Even after the myriad of privacy disasters surrounding social networking sites like Facebook and Google Buzz, people are still posting a large number of personal data, sometimes intentionally. Most smart phones such as the iPhone or Google Nexus One have GPS features where mobile phone application developers can use to add to track your current location. For example, if you use the official Flickr iPhone application, when uploading a picture you can tag the GPS coordinates of your current location to tag the picture with. A whole crop of geolocation services have sprouted around the concept of checking into a venue near your physical location.
For example, when out having lunch with friends you can check in with the Foursquare iPhone application. Based on your current location, Foursquare will provide a list of stores, venues, or other points of interest near you. Once you check in to a certain location often enough you can become mayor of that location, you can also earn badges for the amount of checks, such as the explorer badge for checking into 25 unique locations. Gowalla is another geolocation service similar to Foursquare. The mobile web application for Google Buzz also has a feature to show you buzz posts near your current location.
All these geolocation services work in conjunction with other social network services like Twitter and Facebook so that you can share with your friends and followers your whereabouts. As one can quickly realize, these are perfect tools for not only virtual followers but for real life stalkers. If you consistently post the location and tweet about what you are doing throughout your day, you can inadvertently map out your daily routine.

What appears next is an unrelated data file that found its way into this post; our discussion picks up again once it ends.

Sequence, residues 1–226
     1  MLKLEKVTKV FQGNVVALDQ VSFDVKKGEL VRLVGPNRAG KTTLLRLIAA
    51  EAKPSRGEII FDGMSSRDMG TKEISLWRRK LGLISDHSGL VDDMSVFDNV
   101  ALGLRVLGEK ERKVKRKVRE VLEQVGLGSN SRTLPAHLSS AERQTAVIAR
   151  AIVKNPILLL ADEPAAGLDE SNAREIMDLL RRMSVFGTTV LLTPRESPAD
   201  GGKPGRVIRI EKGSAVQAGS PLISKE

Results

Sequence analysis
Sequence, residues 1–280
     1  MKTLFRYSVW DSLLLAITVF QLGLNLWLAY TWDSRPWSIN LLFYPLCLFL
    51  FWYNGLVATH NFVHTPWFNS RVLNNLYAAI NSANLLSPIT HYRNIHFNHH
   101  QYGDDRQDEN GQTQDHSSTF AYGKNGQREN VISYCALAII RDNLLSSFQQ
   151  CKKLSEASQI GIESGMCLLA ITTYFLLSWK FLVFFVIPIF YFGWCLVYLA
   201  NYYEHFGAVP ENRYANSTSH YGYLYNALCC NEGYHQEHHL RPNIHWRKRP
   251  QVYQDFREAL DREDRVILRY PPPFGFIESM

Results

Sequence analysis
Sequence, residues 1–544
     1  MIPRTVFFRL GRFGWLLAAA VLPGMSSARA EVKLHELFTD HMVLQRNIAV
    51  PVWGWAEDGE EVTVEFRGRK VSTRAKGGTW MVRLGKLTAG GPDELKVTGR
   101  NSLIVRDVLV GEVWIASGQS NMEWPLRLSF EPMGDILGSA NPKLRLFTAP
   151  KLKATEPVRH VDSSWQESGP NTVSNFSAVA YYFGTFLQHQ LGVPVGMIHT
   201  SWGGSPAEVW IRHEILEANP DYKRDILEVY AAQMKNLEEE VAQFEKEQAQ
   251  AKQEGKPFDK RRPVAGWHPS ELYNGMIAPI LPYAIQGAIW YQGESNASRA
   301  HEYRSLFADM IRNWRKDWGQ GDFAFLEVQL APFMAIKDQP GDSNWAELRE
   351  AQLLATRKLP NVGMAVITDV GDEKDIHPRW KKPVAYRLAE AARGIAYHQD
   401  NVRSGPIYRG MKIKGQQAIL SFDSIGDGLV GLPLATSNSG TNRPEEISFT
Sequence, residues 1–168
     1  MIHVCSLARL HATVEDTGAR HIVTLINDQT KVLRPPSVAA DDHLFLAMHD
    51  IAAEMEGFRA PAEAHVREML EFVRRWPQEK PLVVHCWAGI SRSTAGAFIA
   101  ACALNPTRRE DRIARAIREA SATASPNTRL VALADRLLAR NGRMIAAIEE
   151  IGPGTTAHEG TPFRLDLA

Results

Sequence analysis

I for one have notice the trend and possible dangers of location-aware mobile applications and services. But I am not the only one that has noticed. Please Rob Me (http://pleaserobme.com) is a website that searches on Twitter for those individuals that have checked in at a location other than their homes. Please Rob Me allows you to search by location or Twitter user name so that you can track the movements of friends and neighbors. The website’s bold and humorous name is an in your face comment on our changing attitudes towards privacy. Please Rob Me does not actually encourage burglaries, it is a website of caution against posting so much personal and private information and location data about ourselves and our whereabouts.
Online Privacy is not dead, yet, but sites like Foursquare, Gowalla and Google Buzz pushes the envelop for use to publish sensitive information. Google uses browser cookies to track our searches, the IP address are logged when we surf online, but perhaps the most grievous privacy mistakes are done by us end users when we give so much information about ourselves to untested and untrusted third-party application and services. The worst part is that we not only give them our personal information, current location, our social graph, but that we also grant them exclusive rights to use such data in whatever fashion they deem necessary. These services, could turn around and sell our information to advertisers, identity collectors, and spammers. I by no means think that Foursquare, Gowalla, or Google Buzz are actively looking as a business model into selling our privacy to third-party companies, but I don’t doubt that it will happen in a not so distant future, whether inadvertently or not.
No description. Please update your profile.